Evidence grows that vaccines lower the risk of getting long COVID
Though findings are preliminary, many studies suggest that vaccinated people have good protection against the condition, although just how much is still up for debate.
The chance of even a mild case of COVID-19 turning into a long-term, debilitating medical condition is one of the greatest fears of Americans trying to navigate the pandemic, which is again taking a turn as new data shows the BA.2 subvariant is taking hold in the U.S.
Unfortunately, the only sure way to avoid long COVID is not to catch the virus in the first place.
But there is now a growing body of research that's offering at least some reassurance for those who do end up getting infected — being fully vaccinated seems to substantially cut the risk of later developing the persistent symptoms that characterize long COVID.
While many of the findings are still preliminary, the handful of studies that have emerged in the past half year are telling a relatively consistent story.
"It may not eradicate the symptoms of long COVID, but the protective effect seems to be very strong," says epidemiology professor Michael Edelstein, of Bar-Ilan University in Israel, who's studying long COVID.
Edelstein's study was one of those included in a recent analysis of the evidence on long COVID and vaccination done by the UK Health Security Agency. That review found vaccinated people tend to have lower rates of long COVID after an infection than those who are unvaccinated.
There's a running list of theories about why people get long COVID. Permanent tissue damage from the infection, injury to blood vessels and the development of microclots, a lingering viral reservoir in parts of the body, or an autoimmune condition are some of the ideas being explored in the research.
But even without a clear sense of what's exactly driving long COVID, there's good reason to believe that vaccines would help guard against the condition, says Dr. Steven Deeks, a professor of medicine at the University of California, San Francisco.
There's overwhelming evidence that someone who's vaccinated has less virus in their body during an infection, he says, "so it would make great sense that the amount of virus-related complications over time would also be lower."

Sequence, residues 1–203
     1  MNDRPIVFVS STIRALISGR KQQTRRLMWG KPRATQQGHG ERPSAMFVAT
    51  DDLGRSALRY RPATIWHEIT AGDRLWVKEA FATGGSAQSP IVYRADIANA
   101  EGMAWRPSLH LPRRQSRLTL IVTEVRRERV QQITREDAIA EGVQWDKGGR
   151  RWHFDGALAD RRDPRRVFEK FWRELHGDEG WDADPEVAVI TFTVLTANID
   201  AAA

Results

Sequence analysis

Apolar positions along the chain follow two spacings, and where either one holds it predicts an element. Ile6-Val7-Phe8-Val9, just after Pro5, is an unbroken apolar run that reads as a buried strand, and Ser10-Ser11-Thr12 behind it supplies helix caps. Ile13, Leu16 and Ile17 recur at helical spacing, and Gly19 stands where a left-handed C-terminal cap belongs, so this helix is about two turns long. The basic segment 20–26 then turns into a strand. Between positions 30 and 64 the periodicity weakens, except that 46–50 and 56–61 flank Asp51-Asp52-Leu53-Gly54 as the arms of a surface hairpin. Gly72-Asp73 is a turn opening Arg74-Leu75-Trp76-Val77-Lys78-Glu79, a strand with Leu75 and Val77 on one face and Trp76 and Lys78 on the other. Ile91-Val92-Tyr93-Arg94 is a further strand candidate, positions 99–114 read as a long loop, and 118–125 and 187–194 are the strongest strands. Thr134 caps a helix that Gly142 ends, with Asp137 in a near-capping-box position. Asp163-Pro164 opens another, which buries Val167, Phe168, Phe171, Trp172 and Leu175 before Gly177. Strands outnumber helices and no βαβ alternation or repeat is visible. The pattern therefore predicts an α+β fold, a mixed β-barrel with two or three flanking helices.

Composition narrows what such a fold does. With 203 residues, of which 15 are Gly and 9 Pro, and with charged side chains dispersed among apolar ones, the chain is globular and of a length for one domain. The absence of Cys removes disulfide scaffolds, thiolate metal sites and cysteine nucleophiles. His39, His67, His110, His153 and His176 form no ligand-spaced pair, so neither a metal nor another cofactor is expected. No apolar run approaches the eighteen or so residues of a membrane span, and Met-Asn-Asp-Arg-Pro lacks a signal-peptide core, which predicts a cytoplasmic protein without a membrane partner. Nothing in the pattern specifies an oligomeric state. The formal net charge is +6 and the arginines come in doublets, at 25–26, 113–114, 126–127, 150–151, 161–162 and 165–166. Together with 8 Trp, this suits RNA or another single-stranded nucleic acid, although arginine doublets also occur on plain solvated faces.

Looks good ... but how good?
One of the ongoing challenges with long COVID research is simply defining the condition — with each study taking slightly different approaches as to what symptoms count and how long they need to last after the initial infection.
This inconsistency makes it hard to pull together a single estimate for how much vaccines limit long COVID.
Generally, though, Deeks says vaccinated people seem to have a 50% lower average risk of developing long COVID than unvaccinated people. This is in the range of what multiple studies in the U.K., Israel and the U.S. have found.
Ideally, long COVID should not be measured only a few months after the initial infection, he says. "A lot of people are still slowly getting better, so you have to wait at least four months to sort of figure out whether or not these symptoms will persist."
The Israeli study, conducted by Edelstein and his colleagues, followed several thousand people who were unvaccinated, partially vaccinated and fully vaccinated. Those who tested positive were asked to self-report their symptoms between four and eight months after their initial infection.
Participants who had two or three doses of the vaccines were about 50% to 80% less likely to report seven of the 10 most common symptoms, which include shortness of breath, headache, weakness and muscle pain.
Edelstein says these results are not necessarily surprising, because they're compatible with other recent studies. "It gives us a little bit of reassurance that if you're vaccinated, you reduce your chances of long COVID quite substantially."